Friday, December 23, 2011

Reason #95: Lovejoy

Behold Comet Lovejoy as it careens toward Sarah Palin's house flies past the Earth yesterday.

Two neat things about this picture - how clearly you can see the different strata of Earth's atmosphere at the bottom, and how you can see two different tails at the top. The dust tail is the more curved one, whereas the ion tail, which aligns with the Sun's magnetic field, is straighter. Most comet photographs aren't clear enough to discern the two like that.

Thursday, December 22, 2011

Reason #94: Stopgaps

Back in the ongoing drama over Obama's series of capital-J Jobs measures, the Senate passed its new version of the payroll tax cut, which favors lower-income employees rather than giving everyone an equal tax cut no matter how much they make, a week or so ago.

It's been held up in the Republican-controlled House all week, naturally, but today they at least were able to reach a deal to extend the current payroll tax cut two more months, so they can continue to argue about it without screwing everybody over at the end of the year. Which, unfortunately, constitutes a positive development by House standards.

Besides - kicking the can down the road worked so well with the supercommittee, right?

Wednesday, December 21, 2011

Reason #93: Less Mercury

The EPA revealed a huge new set of "Mercury and Air Toxics Standards", or MATS, to drastically cut mercury emissions from coal-fired power plants.

Obama, naturally, and the clean(er) power industries are touting what a big accomplishment this is, but don't take their word for it - Scott Segal, a coal industry lobbyist, called MATS "the most extensive intervention into the power market and job market that EPA has ever attempted to implement." Sounds magnificent.

Tuesday, December 20, 2011

Reason #92: Less Crime

According to the FBI, in the first six months of 2011, violent crime went down 6.4% (compared to the first six months of last year), property crime (aka theft) went down 3.7%, and arson went down 8.6%. So yeah. Go cops.

Monday, December 19, 2011

Reason #91: Obama and the Supremes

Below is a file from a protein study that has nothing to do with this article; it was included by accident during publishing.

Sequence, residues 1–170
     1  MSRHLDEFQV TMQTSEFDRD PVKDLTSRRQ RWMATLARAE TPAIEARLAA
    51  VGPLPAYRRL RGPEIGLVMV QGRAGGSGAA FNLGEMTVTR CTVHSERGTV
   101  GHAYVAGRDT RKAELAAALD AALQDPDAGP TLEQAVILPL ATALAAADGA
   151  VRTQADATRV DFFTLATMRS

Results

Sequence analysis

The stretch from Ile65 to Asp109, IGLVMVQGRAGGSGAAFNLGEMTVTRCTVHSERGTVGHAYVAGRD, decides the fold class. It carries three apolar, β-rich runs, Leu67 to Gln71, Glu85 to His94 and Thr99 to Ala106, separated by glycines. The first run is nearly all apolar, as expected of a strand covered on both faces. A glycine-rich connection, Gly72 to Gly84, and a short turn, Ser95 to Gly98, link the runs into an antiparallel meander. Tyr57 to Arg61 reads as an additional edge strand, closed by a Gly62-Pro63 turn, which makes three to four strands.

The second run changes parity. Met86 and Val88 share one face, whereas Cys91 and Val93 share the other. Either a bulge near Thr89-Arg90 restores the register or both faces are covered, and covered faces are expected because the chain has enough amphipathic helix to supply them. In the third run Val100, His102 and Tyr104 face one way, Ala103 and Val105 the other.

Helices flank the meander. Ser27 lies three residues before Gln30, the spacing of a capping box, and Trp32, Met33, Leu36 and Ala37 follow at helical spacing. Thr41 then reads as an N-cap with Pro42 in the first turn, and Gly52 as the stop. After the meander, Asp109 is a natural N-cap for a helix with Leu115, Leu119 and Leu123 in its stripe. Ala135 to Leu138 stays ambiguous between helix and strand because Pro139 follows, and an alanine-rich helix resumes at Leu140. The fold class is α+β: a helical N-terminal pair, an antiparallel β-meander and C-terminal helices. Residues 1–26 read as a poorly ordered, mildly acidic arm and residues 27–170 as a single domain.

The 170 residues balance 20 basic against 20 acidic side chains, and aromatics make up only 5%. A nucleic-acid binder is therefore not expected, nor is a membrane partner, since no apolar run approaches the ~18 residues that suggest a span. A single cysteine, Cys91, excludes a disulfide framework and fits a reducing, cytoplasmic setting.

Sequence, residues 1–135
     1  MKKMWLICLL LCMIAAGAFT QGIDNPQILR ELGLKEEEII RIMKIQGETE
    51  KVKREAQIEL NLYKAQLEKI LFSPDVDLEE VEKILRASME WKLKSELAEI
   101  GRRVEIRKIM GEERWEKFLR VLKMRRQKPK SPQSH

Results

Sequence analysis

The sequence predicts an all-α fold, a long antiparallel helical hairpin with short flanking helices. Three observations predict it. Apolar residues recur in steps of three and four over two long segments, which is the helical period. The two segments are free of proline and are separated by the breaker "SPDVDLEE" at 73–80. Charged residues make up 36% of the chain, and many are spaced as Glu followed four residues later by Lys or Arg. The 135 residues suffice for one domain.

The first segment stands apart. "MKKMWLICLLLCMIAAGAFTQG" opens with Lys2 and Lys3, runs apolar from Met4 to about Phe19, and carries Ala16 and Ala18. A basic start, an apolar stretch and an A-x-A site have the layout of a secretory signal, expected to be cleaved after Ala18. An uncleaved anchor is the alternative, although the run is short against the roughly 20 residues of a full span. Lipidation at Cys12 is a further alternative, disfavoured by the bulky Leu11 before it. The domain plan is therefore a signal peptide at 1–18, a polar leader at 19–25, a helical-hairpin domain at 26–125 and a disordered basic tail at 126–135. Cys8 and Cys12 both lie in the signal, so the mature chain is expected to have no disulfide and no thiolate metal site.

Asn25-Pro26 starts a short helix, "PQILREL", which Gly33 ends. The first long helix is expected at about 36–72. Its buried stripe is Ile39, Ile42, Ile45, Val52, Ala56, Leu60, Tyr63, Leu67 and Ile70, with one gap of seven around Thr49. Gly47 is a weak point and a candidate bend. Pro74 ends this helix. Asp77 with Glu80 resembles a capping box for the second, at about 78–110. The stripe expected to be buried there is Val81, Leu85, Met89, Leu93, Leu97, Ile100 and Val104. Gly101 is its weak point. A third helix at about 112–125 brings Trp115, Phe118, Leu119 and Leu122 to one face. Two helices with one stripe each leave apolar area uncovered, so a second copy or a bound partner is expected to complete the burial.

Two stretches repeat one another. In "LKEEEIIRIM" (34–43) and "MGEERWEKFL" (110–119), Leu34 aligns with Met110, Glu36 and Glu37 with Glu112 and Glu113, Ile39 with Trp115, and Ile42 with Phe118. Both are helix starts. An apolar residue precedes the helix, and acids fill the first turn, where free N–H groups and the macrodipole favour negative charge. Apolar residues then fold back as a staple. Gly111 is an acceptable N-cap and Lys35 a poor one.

The Supreme Court has officially scheduled five hours of arguments this March for the challenge to the individual mandate in Obama's health care reform package. From someone who's a little more familiar with court proceedings than the average Joe, five hours doesn't really seem like all that much (especially spread out over three days), but according to this article that's a record amount of argument time for the Supreme Court, only even approached before by McCain-Feingold's four hours in 2003.

Their ruling is expected to come over the summer just as the presidential election is heating up, and I've heard some say that it would actually be much better for him is they rule against it, because Obamacare is seen by conservatives as the quintessential liberal overreach, and going the other direction would just further galvanize existing anti-Obama sentiment. Personally, I'm rooting for it to fail if only so they can go back to the drawing board and take another shot at single-payer.

Friday, December 16, 2011

Reason #90: Hubble Make Pretty

I give you IRS 4, a young star about 2 thousand light years away and about fifteen times the size of the sun. This article explains why it looks the way it looks, but I can't quite get my head around it. Something about gas.

(Side note: I am on vacation for the next week or so. I'm going to endeavor to post something every weekday like usual, but more than likely they will be short and somewhat pithy, like this one. Rest assured that my full attention will have returned by Monday the 26th at the latest.)

Thursday, December 15, 2011

Reason #89: Backing Away Slowly

So that's over.

After almost nine years, the Pentagon today officially declared the Iraq War to be ended. A few hundred military personnel are still on the ground as advisers and such, but considering the postwar presence we've maintained (and continue to maintain) in a lot of other places, I think we can call it progress.

My question, though, is just how many private contractors are still there? The Iraq War brought companies like Halliburton and Blackwater into the public consciousness it a totally new way, and as much as everybody will be talking about how this war impacted US foreign relations and the Middle East in general, the rise of war as a business model (not that it wasn't already going on) is, to me, just as big of a takeaway from Iraq as anything else, yet it's barely being talked about.